The largest architectural monument that closed the architectural history of the XVIII century
The Mikhailovsky Castle is the only Russian palace constructed in style of romantic classicism. It is the unique building, which involves a lot of stories and legends, often rather mystical. It amalgamates features of a medieval knight's castle and a European palace of XVIII century. Constructed for Paul I (1797 – 1801) upon the project of architects V. Bazhenov and V. Brenna, the Castle became the place of its owner’s mysterious death. That is why during the long time here, in the very heart of the imperial St. Petersburg, two windows of the emperor’s bedroom where his life came to a tragic end were thoroughly curtained during traditional festive illuminations of the city.
At the beginning of the XIX century the Castle, "a deserted monument of the tyrant, a palace consigned to oblivion", accepted in its walls military men and cultural figures, and later it became the residence of the Engineering school, and magnificent interiors of the former imperial palace were reconstructed and adapted for its needs. During a long time the Castle was named Inzhenernyi, and this name was connected to the Engineering school. Throughout the Soviet period the Castle was occupied by various military organizations.
And now the restored rooms of the Castle you can visit an interactive exposition "The Romanov Saga" and an open storage of XIX - the beginning of the XXI centuries sculpture, as well as the original marble sculpture of the Summer garden that is also stored here, and equally it is a place where temporary exhibitions are held.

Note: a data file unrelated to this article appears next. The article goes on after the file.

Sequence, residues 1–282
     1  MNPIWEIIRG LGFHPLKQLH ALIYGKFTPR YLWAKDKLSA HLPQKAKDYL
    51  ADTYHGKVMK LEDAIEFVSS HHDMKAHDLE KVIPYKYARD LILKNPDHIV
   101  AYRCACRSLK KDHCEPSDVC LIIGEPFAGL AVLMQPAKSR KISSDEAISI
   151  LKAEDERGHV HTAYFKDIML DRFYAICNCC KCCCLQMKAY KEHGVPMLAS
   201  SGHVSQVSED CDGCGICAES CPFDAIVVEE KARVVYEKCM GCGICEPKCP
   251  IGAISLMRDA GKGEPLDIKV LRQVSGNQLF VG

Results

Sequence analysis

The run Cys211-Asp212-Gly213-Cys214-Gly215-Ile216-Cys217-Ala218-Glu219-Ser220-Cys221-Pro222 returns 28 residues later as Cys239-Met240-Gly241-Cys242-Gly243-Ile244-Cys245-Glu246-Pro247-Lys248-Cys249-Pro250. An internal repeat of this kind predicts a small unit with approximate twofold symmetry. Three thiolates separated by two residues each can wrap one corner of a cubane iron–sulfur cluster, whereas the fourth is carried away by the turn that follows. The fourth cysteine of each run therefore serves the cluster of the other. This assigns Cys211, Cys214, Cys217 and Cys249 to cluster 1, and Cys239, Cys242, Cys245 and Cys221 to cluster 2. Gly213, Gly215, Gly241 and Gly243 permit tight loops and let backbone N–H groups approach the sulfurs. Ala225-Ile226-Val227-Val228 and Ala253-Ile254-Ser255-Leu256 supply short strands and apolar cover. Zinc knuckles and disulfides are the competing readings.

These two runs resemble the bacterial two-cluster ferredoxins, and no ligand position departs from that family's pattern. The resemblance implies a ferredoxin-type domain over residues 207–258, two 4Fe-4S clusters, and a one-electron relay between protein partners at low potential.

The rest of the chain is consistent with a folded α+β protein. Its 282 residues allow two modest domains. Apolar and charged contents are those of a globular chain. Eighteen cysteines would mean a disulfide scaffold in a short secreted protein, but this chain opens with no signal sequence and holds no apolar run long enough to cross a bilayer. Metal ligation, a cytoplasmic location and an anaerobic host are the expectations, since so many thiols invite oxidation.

Belsky brothers (Ivan (1719-1799), Alexey (1729-1796) and Efim (1730-1778)) were the greatest masters of the painting team of The Chancellery (later The Office) of buildings of Her Imperial Majesty. For more than half a century they performed the most responsible painting work commissioned by Empresses Elizabeth and Catherine the Great.
February 26, 2020, marks the 175th anniversary of the birth of Emperor Alexander III, whose name was given to The State Russian Museum in April 1895. Special mention is made of Alexander III's merits in museum construction and art education, which was due to his undoubted passion for history and fine arts.